Japan’s Research and Development Institute of Advanced Industrial Science and Technology (AIST), has developed a humanoid robot that aims to replace difficult human work, like installing drywall.
The HRP-5P robot is almost 6 feet high and weighs roughly 220 pounds. Japanese researchers incorporated advance intelligence into the robot, consisting of environmental measurement/object recognition technology, whole-body motion planning/control technology, task description/execution management technology, and high-reliability systemization technology, which is just enough technology for the robot to complete some tasks at a constructions site.
AIST said HRP-5P is still in the development stage of industry-academia collaboration, it is expected that the research and development for practical use of humanoid robots could soon be transferred into the private/government sector for infrastructure projects and or assembly of large structures such as aircraft and ships.
The robot will debut at IEEE/RSJ International Conference on Intelligent Robots and Systems (IROS 2018) in Madrid, Spain from October 1st to 5th. In addition, the robot will be at World Robot Expo 2018 from October 17th to 21st at Tokyo Big Sight (Koto Ward, Tokyo).
According to AIST, the robot addresses population shortfalls through technology instead of immigration in the country. It is meant to tackle the "manual shortages" expected to stem from Japan's aging residents and shrinking birth rate:
"Along with the declining birthrate and the aging of the population, it is expected that many industries such as the construction industry will fall into serious manual shortages in the future, and it is urgent to solve this problem by robot technology. Also, at work sites assembling very large structures such as building sites and assembling of aircraft / ships, workers are carrying out dangerous heavy work work, and it is desired to replace these tasks with robot technology. However, at the assembly site of these large structures, it is difficult to develop a work environment tailored to the robot, and the introduction of robots has not progressed. Humanoid robots have a body structure similar to human beings, so it is possible to substitute for human work without changing the working environment and release from heavy work becomes possible."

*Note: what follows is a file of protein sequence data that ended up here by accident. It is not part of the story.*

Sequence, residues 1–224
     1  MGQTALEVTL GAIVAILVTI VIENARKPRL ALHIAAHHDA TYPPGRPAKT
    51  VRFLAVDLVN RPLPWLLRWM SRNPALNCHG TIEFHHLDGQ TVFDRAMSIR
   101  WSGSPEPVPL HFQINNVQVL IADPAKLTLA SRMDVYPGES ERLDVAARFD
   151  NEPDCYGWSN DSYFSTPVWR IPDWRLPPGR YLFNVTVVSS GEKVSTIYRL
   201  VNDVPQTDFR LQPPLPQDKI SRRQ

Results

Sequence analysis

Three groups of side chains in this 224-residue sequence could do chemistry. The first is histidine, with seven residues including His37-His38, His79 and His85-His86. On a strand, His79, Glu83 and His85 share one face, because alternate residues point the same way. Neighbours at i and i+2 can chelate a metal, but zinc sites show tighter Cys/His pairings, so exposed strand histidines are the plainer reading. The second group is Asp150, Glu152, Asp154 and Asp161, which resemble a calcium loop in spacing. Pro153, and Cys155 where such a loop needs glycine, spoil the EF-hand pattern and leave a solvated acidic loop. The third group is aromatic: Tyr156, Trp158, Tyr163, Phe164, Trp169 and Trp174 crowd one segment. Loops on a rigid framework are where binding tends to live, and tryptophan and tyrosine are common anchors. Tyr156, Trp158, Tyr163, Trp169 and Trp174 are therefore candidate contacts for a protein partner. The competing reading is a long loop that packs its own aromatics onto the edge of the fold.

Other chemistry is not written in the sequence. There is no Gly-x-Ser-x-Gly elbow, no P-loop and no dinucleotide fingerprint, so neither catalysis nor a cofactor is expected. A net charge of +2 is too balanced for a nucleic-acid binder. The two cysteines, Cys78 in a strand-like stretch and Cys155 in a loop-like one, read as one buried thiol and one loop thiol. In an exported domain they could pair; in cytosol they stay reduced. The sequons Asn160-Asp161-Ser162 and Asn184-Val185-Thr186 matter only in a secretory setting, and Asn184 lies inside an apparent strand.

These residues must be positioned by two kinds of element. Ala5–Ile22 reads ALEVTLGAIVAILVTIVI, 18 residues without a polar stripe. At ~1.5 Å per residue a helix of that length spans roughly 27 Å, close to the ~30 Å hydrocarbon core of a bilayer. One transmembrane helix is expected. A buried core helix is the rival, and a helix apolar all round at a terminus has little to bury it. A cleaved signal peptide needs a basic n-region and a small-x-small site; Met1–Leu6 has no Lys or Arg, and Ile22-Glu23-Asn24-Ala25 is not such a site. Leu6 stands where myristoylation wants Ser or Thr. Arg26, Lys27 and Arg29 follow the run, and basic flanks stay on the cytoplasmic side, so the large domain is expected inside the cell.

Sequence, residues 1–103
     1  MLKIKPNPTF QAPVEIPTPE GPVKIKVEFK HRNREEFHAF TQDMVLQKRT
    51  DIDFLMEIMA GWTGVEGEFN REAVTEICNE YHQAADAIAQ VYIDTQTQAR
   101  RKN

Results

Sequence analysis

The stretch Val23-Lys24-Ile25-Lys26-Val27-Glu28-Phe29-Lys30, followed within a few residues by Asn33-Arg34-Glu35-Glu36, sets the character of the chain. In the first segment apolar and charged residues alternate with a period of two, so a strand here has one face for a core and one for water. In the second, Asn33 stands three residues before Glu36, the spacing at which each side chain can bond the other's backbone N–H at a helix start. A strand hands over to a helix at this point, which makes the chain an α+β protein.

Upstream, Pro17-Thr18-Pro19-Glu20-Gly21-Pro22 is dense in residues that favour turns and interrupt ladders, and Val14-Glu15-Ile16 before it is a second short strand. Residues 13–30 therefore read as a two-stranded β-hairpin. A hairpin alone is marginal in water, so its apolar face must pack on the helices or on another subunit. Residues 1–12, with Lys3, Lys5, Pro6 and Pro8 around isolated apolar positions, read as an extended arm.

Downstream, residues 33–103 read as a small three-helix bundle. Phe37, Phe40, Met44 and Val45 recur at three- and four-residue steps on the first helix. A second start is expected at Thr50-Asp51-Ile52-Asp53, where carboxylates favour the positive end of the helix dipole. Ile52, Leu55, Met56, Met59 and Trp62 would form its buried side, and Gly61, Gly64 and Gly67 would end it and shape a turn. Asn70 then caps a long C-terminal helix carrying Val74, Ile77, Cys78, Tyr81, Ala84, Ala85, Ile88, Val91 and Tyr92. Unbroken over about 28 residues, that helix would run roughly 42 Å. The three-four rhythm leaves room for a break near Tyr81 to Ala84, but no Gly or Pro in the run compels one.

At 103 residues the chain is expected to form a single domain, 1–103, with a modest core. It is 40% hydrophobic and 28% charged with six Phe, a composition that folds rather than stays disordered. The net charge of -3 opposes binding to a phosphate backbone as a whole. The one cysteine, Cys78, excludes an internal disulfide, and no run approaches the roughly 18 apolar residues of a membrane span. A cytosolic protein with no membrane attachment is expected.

BofA's recent note titled "Watching paint dry," referred to the percentage of population aged +65, is set to explode from now until 2050, in most of the world.
While Japan is demographically challenged at the moment, Karen Harris, Managing Director of Bain & Company's Macro Trends Group, discusses the collision of demographics, automation, and inequality, that is expected to displace millions of US workers in the next decade. She said the last time the US experienced a labor shift of this magnitude, it was the early 1900s when millions of workers transitioned from agriculture to industry.
Turbulent times are ahead for Japan, US, and the developed world, as researchers from AIST hope to defuse the demographic time bomb with humanoid robots. Goodluck.